The beadboard is going up with liquid nails and pressed, held in place with various means..no screws or nails...(did buy tiny brads but found I didn't need them.

Because of no mechanical fasteners...I took it down to something solid to glue to...even if it meant going all the way to the glass...fortunately I found 99% of the ply sound. The top veneer...which was 4 very thin layers...literally was just falling off...an airgun could have shredded it off the walls.
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Old 07-16-2014, 04:03 PM   #32
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I personally thank you for posting what you have found. I was in a similar position to yours 6 months ago and purchased a 1985 taiwanese built boat and had the typical survey, haul out, etc done. I now have a legal liveaboard slip in Marina del Rey and could not be happier.
One of the few issues I saw prior to the survey were a few leaking windows from prior neglect and the same damage was seen in a few corners of the interior panelling. I was not too concerned then, but having read these posts, I am very happy to hear it is not that big a deal.
I like the idea of the walls you have, although I may elect to paint the walls white and retain the teak window trim and built in cabinentry, as I love the look. The teak walls were maybe too dark for my taste, especially with a large salon.
I love my boat and do not in any way believe it to be a POS. Heck, I have heard of and seen much newer boats with leaking windows.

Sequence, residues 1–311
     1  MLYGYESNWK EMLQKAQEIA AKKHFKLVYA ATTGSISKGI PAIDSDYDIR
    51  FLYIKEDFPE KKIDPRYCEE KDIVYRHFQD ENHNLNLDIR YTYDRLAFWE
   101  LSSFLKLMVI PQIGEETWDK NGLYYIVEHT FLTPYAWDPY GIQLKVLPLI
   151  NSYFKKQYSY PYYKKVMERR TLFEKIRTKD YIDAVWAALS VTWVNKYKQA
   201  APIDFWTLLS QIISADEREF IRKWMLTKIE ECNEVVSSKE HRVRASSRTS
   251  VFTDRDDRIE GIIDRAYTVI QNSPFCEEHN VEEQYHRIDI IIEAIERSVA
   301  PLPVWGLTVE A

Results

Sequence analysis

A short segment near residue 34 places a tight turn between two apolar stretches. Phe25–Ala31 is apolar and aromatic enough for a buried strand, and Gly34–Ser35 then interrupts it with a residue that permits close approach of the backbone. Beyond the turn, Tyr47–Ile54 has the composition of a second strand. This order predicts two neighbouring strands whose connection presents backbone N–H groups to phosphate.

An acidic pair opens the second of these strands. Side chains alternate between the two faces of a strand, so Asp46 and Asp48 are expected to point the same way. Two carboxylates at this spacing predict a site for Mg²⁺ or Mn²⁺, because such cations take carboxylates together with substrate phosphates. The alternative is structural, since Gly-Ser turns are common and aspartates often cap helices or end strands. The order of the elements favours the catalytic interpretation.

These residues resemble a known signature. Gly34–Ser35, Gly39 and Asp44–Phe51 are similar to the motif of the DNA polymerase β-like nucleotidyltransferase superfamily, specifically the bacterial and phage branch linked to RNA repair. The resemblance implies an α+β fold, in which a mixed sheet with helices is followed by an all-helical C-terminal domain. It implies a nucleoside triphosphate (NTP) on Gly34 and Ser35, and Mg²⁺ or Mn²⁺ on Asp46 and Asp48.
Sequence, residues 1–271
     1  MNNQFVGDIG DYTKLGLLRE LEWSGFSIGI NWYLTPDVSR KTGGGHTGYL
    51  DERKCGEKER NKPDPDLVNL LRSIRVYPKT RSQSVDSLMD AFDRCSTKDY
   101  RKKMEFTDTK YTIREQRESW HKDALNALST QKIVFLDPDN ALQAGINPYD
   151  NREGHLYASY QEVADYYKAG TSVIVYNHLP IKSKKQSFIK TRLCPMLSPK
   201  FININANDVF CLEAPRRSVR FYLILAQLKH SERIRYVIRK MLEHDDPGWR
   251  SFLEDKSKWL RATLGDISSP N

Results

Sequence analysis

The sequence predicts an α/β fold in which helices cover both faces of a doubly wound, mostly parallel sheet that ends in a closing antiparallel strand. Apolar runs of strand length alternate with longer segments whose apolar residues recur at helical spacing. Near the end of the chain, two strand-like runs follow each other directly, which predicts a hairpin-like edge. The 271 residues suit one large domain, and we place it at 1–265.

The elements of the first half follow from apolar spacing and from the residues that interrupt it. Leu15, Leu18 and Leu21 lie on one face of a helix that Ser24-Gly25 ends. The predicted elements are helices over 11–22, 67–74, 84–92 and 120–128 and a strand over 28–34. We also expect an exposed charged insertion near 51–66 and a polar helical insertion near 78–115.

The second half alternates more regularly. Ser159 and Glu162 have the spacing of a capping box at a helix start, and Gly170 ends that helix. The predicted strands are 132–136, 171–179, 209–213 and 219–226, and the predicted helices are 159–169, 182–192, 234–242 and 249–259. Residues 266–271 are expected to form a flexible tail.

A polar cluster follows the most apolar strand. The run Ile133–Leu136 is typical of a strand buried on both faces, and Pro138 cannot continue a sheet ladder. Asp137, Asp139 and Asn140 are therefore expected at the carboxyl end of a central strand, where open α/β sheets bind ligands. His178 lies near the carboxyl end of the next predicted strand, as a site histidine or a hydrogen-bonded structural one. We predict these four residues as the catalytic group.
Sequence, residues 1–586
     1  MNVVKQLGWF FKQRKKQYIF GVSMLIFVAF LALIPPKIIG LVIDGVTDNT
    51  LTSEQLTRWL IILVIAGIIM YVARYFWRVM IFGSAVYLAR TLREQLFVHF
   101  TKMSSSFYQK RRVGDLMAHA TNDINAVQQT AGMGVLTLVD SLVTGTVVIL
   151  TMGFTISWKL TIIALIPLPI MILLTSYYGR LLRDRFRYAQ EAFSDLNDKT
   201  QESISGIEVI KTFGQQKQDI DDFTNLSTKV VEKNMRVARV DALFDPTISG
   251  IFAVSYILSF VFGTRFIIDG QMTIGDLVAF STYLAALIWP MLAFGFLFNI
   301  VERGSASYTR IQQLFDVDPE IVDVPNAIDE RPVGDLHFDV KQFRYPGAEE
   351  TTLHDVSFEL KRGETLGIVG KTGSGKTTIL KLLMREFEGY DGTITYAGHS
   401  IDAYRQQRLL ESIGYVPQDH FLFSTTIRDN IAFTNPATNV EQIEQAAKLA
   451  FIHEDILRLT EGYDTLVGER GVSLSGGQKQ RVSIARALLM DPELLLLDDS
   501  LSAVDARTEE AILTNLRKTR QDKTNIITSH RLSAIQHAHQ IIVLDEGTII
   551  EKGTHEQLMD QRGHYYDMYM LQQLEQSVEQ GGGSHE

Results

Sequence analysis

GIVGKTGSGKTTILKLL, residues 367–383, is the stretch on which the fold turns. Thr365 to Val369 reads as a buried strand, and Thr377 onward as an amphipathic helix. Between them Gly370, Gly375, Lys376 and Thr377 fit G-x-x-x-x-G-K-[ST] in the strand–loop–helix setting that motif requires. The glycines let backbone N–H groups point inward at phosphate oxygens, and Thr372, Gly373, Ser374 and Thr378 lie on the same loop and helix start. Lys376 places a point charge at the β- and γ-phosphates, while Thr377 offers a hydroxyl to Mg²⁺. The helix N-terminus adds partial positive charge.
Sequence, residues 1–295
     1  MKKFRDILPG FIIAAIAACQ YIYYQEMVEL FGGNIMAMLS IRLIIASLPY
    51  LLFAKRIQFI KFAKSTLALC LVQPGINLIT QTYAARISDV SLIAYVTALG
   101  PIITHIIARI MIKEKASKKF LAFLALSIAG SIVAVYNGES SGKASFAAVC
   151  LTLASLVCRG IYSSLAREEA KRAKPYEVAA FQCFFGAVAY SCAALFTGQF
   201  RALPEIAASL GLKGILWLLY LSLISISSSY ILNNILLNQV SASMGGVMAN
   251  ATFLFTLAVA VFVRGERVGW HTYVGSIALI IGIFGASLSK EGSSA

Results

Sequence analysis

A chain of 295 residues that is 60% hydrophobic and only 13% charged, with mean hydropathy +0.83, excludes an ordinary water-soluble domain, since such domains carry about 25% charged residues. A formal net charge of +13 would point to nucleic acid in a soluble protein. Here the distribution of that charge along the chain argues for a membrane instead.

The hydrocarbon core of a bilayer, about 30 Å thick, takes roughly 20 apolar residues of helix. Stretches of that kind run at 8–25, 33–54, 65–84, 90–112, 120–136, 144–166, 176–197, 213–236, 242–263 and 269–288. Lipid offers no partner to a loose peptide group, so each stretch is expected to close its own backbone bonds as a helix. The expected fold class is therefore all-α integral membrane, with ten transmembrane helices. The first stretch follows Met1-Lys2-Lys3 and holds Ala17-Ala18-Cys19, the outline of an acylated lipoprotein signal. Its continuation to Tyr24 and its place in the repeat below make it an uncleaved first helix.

Thank you for the posts and if you can, keep the information coming!
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Old 07-16-2014, 04:46 PM   #33
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PS. Panels are usually not fitted tight at the edges to allow for expansion. Hopefully you are doing the same with beadboard.
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Old 07-16-2014, 06:55 PM   #34
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PS. Panels are usually not fitted tight at the edges to allow for expansion. Hopefully you are doing the same with beadboard.
Not true...if it were "a ply core" it would be solid too....

The filler allows for no room to expand or contract...I understand what you are saying...and in house building it may be a big issue...but most boats now are just cored and there's no gaps left on boats I'm familiar with.

Plus in some areas its filler, in others the ply comes together.

Today's lesson on Taiwan boats is there is little exact symmetry.

The port side rear panel area is about an inch shorter than the starboard side....